Of those 10 cats, 6 had a bilateral SUB device (4 with a 3-way port, 2 with 2 shunting ports) and 4 had a unilateral SUB device. Bacteriuria resolved with appropriate antimicrobial treatment in 6 out of 10 cats (60%) according to the results from an antimicrobial susceptibility test, performed on a urine sample from the SUB port 1 week after the antimicrobial treatment was stopped. Two out of these 6 cats had another episode of UTI (pollakiuria and hematuria) with identification of the same species (218 days and 249 days after the first episode, respectively). Bacteriuria resolved with antimicrobial treatment based on sensitivity. Organisms isolated (intraoperative and postoperative positive urine culture) are listed in Table 2.

Table 2 Organisms isolated during follow-up period

Of the 4 cats whose bacteriuria did not resolve with appropriate antibiotic treatment, 3 had persistent UTI. One cat had subclinical bacteriuria (Enteroccoccus faecalis and E coli), so antibiotic treatment was stopped after three periods of treatment. The device was flushed every 6 months, no systemic clinical signs were noted and biochemical values were stable, urine culture was declined by the owners. However, this same cat developed a left subcapsular perirenal abscess next to the dacron cuff combined with a severe pyelonephritis 3.5 years following his initial surgery. A left nephrectomy was performed at that time. The cat died from a septic shock during the surgical procedure. One cat was euthanized because of the progression of the chronic kidney disease 448 days post-operatively. All remaining cats were alive at the time of the study.

There was a significant difference between urine culture negative and urine culture positive group in median hospitalization duration (5 days versus 6 days respectively, P = 0.022) and median body condition score (5/9 versus 4/9 respectively, P = 0.03). Cats with a longer hospital stay and with a lower BCS were more likely to have a positive urine culture during the follow-up period. There was no significant difference between urine culture negative and urine culture positive groups for the remaining variables evaluated. No significant difference was identified between the two groups for the progression of the chronic kidney disease (P = 0.25). No other associations could be found statistically in the criteria evaluated.

Clinical summary data are provided in Table 3.

Table 3 Urine culture results during follow-up compared with signalment, surgical and anesthesia duration and hospitalization duration

Overall, chronic bacteriuria was documented for 6 of 32 (18.8%) cats and 5 of 32 (15.6%) cats displayed clinicals signs suggestive of chronic UTI. Cats with an intraoperative positive urine culture were not more likely to have a positive urine culture during the follow-up period (P = 0.081).

Three cats died during the follow-up period, at 262, 448 and 1231 days. Two cats were euthanized following a deterioration in general condition due to persistent ITU, and one cat died during peri-renal abscess drainage surgery.

Discussion

This is the first report attempting to evaluate the risk factors of positive intraoperative and postoperative urine culture in cats after SUB device placement for the treatment of feline ureteral obstructions. The present study identified 35.7% of new positive urine culture during the follow-up period. Overall, 15.6% of chronic UTI were identified in this cat population. Cats with a decreased BCS and a longer hospitalization duration had significantly increased risk for the development of positive urine culture after hospital discharge. However, positive intraoperative urine cultures were not related to the development of signs consistent with UTI during the follow-up period, and duration of surgery and anesthesia were not associated with positive urine bacterial cultures.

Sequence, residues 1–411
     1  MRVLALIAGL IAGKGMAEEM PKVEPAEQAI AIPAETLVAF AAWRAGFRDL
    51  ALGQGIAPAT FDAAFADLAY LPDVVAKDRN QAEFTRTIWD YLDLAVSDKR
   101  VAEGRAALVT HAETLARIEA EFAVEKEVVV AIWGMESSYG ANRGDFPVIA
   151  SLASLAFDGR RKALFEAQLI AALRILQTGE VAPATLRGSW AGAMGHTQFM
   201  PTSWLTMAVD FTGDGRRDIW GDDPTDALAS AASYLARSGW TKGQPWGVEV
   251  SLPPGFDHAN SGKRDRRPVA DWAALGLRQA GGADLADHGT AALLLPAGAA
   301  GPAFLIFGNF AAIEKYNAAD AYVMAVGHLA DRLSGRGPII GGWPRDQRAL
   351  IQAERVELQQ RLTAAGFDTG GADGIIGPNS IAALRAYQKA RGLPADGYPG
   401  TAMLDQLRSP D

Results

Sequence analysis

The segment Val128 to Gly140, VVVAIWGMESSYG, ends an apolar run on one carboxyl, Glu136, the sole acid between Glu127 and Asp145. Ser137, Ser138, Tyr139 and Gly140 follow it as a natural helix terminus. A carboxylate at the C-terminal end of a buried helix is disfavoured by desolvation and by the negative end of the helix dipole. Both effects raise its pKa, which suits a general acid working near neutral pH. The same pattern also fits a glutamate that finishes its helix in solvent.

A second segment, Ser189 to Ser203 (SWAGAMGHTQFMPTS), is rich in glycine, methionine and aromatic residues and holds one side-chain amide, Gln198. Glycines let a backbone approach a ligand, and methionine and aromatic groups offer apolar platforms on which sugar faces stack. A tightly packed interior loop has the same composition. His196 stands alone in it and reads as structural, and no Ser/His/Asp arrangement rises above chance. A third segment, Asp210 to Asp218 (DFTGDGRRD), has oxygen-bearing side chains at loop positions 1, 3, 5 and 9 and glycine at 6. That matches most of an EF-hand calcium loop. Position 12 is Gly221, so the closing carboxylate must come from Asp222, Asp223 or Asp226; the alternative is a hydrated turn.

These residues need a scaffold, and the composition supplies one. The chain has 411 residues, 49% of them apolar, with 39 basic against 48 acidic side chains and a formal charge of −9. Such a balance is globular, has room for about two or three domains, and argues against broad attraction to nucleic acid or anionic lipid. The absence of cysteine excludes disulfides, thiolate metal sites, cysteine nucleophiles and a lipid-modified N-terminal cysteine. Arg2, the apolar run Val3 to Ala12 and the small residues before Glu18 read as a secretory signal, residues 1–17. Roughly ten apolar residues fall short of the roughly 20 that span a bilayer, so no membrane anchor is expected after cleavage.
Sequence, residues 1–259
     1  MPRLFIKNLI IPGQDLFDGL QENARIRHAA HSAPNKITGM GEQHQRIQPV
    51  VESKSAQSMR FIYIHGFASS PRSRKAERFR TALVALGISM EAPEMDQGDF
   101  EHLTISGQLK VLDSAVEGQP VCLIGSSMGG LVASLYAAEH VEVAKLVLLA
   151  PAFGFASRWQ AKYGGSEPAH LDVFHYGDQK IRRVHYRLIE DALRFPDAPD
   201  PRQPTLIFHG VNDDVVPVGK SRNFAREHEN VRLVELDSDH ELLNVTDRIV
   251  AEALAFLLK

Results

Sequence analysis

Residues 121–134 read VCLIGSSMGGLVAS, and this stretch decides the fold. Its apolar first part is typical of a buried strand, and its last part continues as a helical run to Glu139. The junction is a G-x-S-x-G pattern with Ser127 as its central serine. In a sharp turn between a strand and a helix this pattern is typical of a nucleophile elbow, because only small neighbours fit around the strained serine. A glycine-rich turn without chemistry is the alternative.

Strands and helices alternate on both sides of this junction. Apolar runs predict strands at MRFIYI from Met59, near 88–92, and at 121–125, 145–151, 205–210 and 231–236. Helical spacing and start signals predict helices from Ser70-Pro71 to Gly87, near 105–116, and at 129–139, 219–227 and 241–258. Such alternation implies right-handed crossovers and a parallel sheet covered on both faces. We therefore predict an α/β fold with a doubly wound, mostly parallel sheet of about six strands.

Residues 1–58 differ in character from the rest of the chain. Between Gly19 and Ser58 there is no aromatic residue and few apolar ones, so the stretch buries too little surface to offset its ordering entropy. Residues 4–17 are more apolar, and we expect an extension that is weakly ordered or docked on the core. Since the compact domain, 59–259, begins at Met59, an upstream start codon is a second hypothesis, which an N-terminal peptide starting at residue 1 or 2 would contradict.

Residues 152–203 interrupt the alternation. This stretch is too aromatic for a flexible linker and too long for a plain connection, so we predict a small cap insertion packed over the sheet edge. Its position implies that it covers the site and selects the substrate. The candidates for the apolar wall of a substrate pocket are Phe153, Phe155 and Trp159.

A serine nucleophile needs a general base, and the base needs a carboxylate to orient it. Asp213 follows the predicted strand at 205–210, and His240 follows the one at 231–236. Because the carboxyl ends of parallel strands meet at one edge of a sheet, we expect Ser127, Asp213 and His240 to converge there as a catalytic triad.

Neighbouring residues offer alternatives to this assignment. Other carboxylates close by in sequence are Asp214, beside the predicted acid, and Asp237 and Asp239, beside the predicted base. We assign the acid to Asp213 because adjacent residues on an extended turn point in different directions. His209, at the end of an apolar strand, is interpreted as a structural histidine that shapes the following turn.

The use of a SUB device was recently reported in a large series of 134 cats with good outcomes [1]. Three studies reported that cats treated with SUB device had a 88 to 94% survival to discharge rate [1, 9] and a 1 year survival of 83% [7]. In the present study, survival to discharge rate was 100%. Three cats died during the follow-up period, at 262, 448 and 1231 days.

In previous studies, postoperative positive urine culture, obtained from the SUB port, was reported from 21 to 25% of the cases [1, 6, 7]. Our findings were slightly higher compared to those reported as we identified 35.7% of positive bacterial urine culture during follow-ups. All of the urine samples were obtained from the SUB port in order to avoid contamination. Bacteriuria resolved in 60% of the cases with appropriate antibiotic treatment which is consistent with the previously reported data of 50 to 78% of cats [1, 2].

As recommended by Kopecny et al. [6] a distinction between subclinical bacteriuria and UTI was made to determine the clinical relevance of infection and the necessity to administer antibiotics. This distinction allowed us to identify chronic UTI in 15.6% of cats which is much higher than the 8% previously reported in a study of 132 cats [1]. In our study, 3.1% of cats had subclinical bacteriuria, which is consistent with the 4.9% previously reported [1] but lower than the 12.5% reported in another study [6].

The effectiveness of extending post-operative antibiotic treatment could not be determined within the limits of this study. It appears in a study that post-operative antibiotic treatment administration decreased the risk for development of positive urine culture after discharge, with a median duration of 5 days of treatment [6]. In the present study all cats received prophylactic antibiotic treatment for 7 days until reception of bacterial culture results. The antibiotic treatment was stopped if the urine culture was negative and pursued for 3 weeks if positive, with the antibiotic based on sensitivity [10, 11]. Antibiotic use following surgery may be associated with a decrease of bacterial colonization of the SUB device [6].